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The Beneficial Relationship of Music and Mathematics for Young Children

Essay by   •  November 20, 2010  •  Research Paper  •  1,393 Words (6 Pages)  •  1,974 Views

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Many educators would agree that music has the ability to unlock doors for young children to learn the various aspects of mathematics. The relationship of the two subjects can be traced back to the early stages of ancient history where they were taught together, unlike a majority of America's public schools. Fortunately, there are public schools beginning to recognize this close relationship once again and have developed lesson plans that teach mathematics, science and music in a much more conjunctive nature. Studies have proven time and time again that this is an excellent learning system to develop because children introduced to music at an early age have a higher rate of mathematical comprehension.

The National Association for Music Education (MENC) has compiled statistical information proving how well students have done when applying musical overtones to mathematical studies. A study of 237 second grade children used piano keyboard training and newly designed math software to demonstrate improvement in math skills. The group scored 27% higher on proportional math and fractions tests than children that used only the math software (http://www.menc.org, 2005). These numbers hold true as students progress through school without regard to the students background. MENC continues to back their argument with the following:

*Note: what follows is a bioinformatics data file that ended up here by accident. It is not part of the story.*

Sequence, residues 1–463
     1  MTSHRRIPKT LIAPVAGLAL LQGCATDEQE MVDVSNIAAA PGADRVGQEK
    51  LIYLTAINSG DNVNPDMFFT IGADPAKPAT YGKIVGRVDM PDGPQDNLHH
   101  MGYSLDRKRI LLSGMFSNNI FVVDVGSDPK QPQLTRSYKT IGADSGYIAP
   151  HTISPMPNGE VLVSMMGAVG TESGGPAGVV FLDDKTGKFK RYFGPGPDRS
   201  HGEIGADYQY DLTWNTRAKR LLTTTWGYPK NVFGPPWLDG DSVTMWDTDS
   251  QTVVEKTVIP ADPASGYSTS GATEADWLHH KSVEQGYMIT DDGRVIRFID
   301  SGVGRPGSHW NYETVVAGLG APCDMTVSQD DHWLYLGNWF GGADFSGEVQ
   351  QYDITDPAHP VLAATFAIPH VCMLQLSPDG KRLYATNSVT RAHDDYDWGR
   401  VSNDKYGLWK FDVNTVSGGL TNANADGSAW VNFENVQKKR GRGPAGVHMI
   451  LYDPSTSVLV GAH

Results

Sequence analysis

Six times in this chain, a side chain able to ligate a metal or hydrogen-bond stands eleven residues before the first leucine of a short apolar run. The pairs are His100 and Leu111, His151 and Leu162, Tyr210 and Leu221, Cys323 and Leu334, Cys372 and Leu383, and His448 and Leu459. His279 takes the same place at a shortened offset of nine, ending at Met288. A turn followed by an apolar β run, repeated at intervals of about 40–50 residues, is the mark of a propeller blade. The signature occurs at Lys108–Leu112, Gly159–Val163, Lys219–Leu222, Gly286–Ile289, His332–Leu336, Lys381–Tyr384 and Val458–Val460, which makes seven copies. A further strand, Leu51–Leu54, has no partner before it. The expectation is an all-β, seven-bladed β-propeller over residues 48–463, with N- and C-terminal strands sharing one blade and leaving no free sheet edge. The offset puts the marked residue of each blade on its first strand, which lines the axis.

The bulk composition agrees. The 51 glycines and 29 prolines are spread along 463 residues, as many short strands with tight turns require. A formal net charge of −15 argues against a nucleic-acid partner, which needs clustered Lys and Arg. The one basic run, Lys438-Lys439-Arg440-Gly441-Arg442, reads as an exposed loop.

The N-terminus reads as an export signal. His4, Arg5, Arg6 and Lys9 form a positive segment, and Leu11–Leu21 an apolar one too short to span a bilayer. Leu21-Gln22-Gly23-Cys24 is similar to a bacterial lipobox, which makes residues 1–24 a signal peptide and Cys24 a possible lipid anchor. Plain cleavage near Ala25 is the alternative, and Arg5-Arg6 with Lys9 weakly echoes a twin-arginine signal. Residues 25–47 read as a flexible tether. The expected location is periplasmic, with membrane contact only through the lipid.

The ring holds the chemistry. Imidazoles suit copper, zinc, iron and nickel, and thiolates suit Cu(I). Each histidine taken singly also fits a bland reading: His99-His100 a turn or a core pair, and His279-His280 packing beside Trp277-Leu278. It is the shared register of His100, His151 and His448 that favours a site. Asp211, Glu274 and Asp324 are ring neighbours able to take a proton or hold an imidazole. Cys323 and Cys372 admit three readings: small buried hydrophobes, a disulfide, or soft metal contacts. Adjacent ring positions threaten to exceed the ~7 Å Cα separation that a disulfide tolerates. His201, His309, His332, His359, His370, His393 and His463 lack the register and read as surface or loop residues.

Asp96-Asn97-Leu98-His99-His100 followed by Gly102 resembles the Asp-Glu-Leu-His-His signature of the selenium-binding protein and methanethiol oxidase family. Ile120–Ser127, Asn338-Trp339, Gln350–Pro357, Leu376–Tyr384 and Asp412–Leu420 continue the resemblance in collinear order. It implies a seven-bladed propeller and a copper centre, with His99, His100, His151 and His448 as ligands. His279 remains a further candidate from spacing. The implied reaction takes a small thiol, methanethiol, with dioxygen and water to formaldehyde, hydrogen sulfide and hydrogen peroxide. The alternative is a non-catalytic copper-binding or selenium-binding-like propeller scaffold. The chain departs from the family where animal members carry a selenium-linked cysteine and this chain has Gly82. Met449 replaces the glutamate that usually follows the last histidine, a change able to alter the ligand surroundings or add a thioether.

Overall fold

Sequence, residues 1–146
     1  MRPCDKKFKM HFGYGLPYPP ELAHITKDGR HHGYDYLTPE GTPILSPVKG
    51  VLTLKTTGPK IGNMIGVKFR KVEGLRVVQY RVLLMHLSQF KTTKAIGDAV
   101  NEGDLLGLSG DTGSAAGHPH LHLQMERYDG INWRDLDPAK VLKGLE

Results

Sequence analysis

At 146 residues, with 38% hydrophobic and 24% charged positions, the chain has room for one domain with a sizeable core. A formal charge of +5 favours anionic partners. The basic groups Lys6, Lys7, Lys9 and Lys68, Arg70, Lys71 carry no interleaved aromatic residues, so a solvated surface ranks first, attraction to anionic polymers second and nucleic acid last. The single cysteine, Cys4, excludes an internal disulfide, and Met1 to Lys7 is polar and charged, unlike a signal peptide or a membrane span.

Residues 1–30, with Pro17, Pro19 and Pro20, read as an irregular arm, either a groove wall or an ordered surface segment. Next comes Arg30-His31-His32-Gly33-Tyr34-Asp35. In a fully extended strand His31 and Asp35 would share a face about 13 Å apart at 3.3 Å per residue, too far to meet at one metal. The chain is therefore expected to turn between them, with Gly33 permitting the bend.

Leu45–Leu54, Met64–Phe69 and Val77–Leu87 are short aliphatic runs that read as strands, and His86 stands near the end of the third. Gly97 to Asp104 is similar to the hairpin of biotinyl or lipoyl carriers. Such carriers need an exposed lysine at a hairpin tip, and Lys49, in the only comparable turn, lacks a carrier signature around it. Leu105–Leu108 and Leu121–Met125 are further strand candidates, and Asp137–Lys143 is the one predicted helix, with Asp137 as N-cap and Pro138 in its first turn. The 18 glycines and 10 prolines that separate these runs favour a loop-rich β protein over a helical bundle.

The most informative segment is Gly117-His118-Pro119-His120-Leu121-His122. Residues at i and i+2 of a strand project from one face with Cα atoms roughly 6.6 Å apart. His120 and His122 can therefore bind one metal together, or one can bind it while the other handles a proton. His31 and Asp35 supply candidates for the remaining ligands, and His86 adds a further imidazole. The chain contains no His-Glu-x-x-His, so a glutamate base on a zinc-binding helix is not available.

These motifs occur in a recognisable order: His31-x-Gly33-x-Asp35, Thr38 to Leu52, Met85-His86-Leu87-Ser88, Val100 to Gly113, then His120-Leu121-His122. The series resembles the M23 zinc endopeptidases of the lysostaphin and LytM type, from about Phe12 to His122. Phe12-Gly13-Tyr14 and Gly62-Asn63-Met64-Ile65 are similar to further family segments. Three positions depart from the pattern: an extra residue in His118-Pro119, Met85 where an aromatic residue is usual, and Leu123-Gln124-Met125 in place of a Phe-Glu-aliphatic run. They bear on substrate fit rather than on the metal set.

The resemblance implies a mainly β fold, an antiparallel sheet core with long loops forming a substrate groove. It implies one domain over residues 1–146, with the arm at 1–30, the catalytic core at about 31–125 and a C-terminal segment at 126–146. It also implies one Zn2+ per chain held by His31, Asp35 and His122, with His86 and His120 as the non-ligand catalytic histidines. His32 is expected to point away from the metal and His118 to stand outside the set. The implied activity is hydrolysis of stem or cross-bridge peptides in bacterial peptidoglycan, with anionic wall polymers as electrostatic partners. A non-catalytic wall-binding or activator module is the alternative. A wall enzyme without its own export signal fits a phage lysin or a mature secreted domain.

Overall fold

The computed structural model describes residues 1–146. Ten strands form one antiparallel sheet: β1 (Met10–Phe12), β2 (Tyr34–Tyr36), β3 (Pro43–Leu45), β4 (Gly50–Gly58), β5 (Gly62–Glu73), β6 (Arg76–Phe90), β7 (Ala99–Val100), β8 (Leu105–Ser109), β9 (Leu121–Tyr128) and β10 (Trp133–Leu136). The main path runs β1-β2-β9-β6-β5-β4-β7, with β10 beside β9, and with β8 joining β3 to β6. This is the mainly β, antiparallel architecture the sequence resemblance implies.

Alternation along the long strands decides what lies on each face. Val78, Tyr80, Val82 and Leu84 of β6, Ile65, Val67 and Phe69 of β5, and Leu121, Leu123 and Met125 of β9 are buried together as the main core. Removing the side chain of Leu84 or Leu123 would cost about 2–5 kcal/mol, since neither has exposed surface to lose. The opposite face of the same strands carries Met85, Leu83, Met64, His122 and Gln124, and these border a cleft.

In an analysis of U.S. Department of Education data on more than 25,000 secondary school students (NELS:88, National Education Longitudinal Survey), researchers found that students who report consistent high levels of involvement in instrumental music over the middle and high school years show "significantly higher levels of mathematics proficiency by grade 12." This observation holds regardless of students' socio-economic status, and differences in those who are involved with instrumental music vs. those who are not is more significant over time (2005).